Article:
Discovery of key regulatory factor may offer new treatment target for allergic diseases

May 04, 2010

(PhysOrg.com) -- Researchers at Indiana University School of Medicine have identified a mechanism that causes inflammation in asthma and other allergic diseases, a discovery that could lead to new targets to control such allergic reactions.

By identifying a that is key to the mechanism and then blocking its production in laboratory tests, the researchers were able to define a protein responsible for causing the inflammation, said Mark H. Kaplan, professor of pediatrics, and of microbiology and immunology at the IU School of Medicine, located on the campus of Indiana University -Purdue University Indianapolis. The research is being reported online today in the June 2010 issue of the journal .

The IU research team was investigating the chain of events -- and proteins -- that result in the production of a substance called IL-9, which causes a variety of inflammatory responses, such as mucus production in the lungs. Recently other scientists had discovered the existence of a new type of T-cell, one of the body's used to ward off infections. That newly discovered type of T-cell was found to produce IL-9. Kaplan's team, in turn, found that a regulatory factor called PU.1 is necessary for the development of the new type of T-cell.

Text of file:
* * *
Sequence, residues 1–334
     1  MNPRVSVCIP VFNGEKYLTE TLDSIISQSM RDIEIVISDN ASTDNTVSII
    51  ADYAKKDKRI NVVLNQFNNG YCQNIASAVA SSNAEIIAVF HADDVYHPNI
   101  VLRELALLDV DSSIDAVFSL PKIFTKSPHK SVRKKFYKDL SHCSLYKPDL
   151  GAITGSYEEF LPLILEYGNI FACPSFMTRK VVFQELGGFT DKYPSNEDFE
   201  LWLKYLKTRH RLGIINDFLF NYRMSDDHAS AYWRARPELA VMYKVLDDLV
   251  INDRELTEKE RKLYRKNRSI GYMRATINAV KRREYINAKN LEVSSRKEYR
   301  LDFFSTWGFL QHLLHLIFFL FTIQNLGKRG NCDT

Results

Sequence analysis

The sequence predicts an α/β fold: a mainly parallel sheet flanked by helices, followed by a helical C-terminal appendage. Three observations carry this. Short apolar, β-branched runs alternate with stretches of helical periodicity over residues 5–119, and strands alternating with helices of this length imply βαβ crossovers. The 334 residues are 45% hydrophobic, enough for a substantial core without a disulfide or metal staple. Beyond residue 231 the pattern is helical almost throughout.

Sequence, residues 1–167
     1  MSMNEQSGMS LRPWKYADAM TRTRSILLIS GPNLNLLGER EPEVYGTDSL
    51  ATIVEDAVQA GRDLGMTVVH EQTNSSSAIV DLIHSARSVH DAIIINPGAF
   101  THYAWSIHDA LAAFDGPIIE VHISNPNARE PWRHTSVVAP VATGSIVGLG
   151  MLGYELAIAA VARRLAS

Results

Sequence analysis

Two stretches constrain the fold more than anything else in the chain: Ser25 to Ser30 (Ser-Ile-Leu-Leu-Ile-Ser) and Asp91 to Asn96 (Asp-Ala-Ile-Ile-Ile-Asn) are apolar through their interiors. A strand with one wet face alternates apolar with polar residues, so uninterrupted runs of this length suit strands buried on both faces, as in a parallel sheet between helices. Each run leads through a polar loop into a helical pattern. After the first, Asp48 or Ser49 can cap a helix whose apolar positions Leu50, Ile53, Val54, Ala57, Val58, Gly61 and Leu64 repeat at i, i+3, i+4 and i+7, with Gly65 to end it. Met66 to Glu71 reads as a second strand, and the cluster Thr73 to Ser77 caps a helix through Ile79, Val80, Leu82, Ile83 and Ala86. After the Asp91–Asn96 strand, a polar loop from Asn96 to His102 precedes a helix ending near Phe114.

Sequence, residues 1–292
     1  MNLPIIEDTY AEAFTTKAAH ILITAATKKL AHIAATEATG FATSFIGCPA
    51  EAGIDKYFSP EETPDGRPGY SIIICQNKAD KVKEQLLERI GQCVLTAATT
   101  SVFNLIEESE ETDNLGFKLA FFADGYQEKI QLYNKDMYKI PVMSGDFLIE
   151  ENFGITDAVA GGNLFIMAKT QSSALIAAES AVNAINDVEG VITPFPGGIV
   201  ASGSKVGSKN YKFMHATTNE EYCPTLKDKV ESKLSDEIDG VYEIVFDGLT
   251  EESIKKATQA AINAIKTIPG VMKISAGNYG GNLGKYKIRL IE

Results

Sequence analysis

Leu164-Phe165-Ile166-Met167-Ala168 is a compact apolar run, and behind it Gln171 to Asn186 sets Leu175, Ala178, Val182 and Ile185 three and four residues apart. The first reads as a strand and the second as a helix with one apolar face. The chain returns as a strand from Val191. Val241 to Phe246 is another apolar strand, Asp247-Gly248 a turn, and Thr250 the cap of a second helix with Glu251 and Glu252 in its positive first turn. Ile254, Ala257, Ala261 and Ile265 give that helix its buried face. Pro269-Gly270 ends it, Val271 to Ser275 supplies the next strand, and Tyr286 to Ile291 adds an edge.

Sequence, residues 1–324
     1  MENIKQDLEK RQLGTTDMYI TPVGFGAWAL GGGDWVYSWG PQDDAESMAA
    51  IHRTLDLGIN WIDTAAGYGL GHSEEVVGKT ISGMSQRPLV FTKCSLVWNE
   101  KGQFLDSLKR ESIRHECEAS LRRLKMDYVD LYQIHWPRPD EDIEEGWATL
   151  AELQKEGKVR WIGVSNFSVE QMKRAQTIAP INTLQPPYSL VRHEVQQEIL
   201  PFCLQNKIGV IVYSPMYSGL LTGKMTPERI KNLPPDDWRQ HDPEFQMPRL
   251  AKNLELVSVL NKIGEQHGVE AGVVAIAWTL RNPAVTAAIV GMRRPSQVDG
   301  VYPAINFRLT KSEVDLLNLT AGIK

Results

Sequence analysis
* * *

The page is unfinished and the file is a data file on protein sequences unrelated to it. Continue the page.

"We see increased IL-9 production in patients with allergic disease -- allergies, asthma, eczema," said Kaplan, director of pediatric pulmonary basic research and investigator at the Herman B Wells Center for Pediatric Research.

"Effectively targeting PU.1 to prevent its activation could lead to improved treatments for patients who must deal with the inflammation caused by these ," Kaplan said.

Explore further: Ultrasound enhancement provides clarity to damaged tendons, ligaments

add to favorites email to friend print save as pdf

Related Stories

Key Signaling Switch Identified in Allergic Disease

Oct 30, 2006

A research team has identified a key enzyme responsible for triggering a chain of events that results in allergic reaction, according to new study findings published online this week in Nature Immunology.

Immune system pathway identified to fight allergens, asthma

May 07, 2008

For the first time, researchers from the University of Pittsburgh School of Medicine have identified genetic components of dendritic cells that are key to asthma and allergy-related immune response malfunction. Targeting ...

Recommended for you

A better way to track emerging cell therapies using MRIs

21 hours ago

Cellular therapeutics – using intact cells to treat and cure disease – is a hugely promising new approach in medicine but it is hindered by the inability of doctors and scientists to effectively track the movements, destination ...

User comments : 0